With everyone clambering their way onto the sustainable bandwagon, businesses in all industries must take note of the ESG movement. It’s a forward-thinking idea to invest in businesses’ future potential based on sustainable performance rather than profits.
Businesses can commit to ESG in a number of ways.
Some might choose to adopt a zero-waste model to reduce their environmental impact. Others might focus on improving the lives of their employees and even the surrounding community. While benefits are immeasurable in most cases, companies must keep up with ESG to gain a competitive edge.
With all of that, expect more businesses to seek accreditations like B Corp Status – and new statuses to appear – some of them more sincere than others.
The good news is that this rising trend compels businesses to be more transparent about their environmental impact. Though, the pressure is lifted knowing one can still make money while making the world a better place.
It’s a win-win agenda.
To put it into an analytical perspective, McKinsey & Company brings conservation into focus with their new report. The results show the co-benefits and value of nature conservation in a refreshing way.
That all said, ESG is another area that can get tainted by greenwashing. So investors and customers alike need to learn to make the distinction between eco-authenticity and pretence.
Extended climate financial support
With ESG on the map, more countries might aspire to extend their national climate plans, and commit to science-based ambitions and net-zero targets. Here’s a flavour of a few recent climate actions of note (just so you know, there are many more examples):
- Colombia aims to be carbon neutral by 2050 and will make it happen with a National Determined Contribution (NDC) – an action plan to adapt to the effects of climate change. The goal is to green the power system in agreement with the industrial, agricultural and energy sectors.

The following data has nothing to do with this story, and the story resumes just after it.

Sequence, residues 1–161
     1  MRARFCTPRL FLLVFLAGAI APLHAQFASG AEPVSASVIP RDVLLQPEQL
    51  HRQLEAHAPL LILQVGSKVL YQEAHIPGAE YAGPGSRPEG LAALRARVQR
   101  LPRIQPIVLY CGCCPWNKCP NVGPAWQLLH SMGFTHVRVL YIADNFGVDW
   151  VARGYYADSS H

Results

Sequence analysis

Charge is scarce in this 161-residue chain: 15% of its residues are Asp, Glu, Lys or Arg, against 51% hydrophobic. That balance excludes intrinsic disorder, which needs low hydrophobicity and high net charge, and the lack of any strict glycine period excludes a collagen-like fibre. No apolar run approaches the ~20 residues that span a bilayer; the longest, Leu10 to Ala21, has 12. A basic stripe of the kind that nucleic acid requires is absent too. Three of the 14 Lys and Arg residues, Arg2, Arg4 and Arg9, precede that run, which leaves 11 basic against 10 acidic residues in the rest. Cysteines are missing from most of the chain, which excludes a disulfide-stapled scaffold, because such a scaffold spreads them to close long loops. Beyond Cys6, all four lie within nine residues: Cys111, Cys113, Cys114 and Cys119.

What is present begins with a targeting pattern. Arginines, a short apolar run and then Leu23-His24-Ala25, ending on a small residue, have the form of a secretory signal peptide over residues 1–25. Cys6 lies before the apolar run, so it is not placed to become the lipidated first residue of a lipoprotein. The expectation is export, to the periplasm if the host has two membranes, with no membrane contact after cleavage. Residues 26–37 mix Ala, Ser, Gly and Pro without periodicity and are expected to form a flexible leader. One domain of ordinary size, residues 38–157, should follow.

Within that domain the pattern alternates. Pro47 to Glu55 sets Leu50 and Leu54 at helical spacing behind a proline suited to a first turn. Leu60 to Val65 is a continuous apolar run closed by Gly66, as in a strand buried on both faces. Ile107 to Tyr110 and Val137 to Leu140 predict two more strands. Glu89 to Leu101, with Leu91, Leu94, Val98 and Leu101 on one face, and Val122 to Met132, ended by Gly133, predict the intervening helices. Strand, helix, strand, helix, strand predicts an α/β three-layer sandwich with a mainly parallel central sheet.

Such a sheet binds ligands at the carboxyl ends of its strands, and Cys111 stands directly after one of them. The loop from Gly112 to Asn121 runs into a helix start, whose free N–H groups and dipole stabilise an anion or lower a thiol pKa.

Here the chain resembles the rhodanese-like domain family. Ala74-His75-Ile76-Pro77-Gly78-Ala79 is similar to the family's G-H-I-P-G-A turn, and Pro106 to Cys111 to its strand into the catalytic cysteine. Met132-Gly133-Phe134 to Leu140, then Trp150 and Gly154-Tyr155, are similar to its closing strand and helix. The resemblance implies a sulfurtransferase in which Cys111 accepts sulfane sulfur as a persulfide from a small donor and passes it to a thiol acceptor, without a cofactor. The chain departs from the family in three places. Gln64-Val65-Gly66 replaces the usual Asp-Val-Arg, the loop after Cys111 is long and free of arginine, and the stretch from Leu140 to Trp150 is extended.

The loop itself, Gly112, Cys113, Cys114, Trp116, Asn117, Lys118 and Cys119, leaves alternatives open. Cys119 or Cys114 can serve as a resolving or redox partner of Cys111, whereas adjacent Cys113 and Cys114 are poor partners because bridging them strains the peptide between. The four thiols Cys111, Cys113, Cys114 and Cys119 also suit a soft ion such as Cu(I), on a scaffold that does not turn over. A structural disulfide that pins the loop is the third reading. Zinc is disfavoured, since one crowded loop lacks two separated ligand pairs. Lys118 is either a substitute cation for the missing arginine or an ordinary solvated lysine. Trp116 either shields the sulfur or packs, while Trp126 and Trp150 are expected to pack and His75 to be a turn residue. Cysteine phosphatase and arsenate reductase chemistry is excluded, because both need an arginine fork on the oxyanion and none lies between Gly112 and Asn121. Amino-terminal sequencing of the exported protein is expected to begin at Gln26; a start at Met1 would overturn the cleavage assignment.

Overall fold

- Jamaica’s revised NDC commits to better regulate water usage in an effort to decrease waste and potential shortage.
- Rwanda is the first African country to rework its initial NDC with a confident plan to reduce emissions by 38% by 2030. It has developed a system to pursue reductions in agriculture, water, human settlements, land and forestry, transport and mining, and health.
With such bold goals on the horizon, stakeholders, banks, and asset managers might potentially voice the need for the finance industry to support climate efforts.
Not only that but also in light of COP26, it’s anticipated that countries will deliver on the goal (set in 2009) to pledge $100 billion to help poor nations tackle climate change.
Bigger shelf space for sustainable products
It’s clear that people are buying more sustainable products. In the UK alone annual spend on ethical and sustainable products breached the £100bn watermark for the first time in 2022, at £122bn.
With this, green products have moved rapidly to the forefront of the hot-seller lists. You can expect sustainable products to become the norm in the coming months and way into the future. Wherever you go, you’ll see sustainable stuff because more than ever before, people are aware of loss of biodiversity, climate change and the responsibility they carry to make a change. But I predict a big wave of change to happen sooner than expected with global eco-wakening in full swing.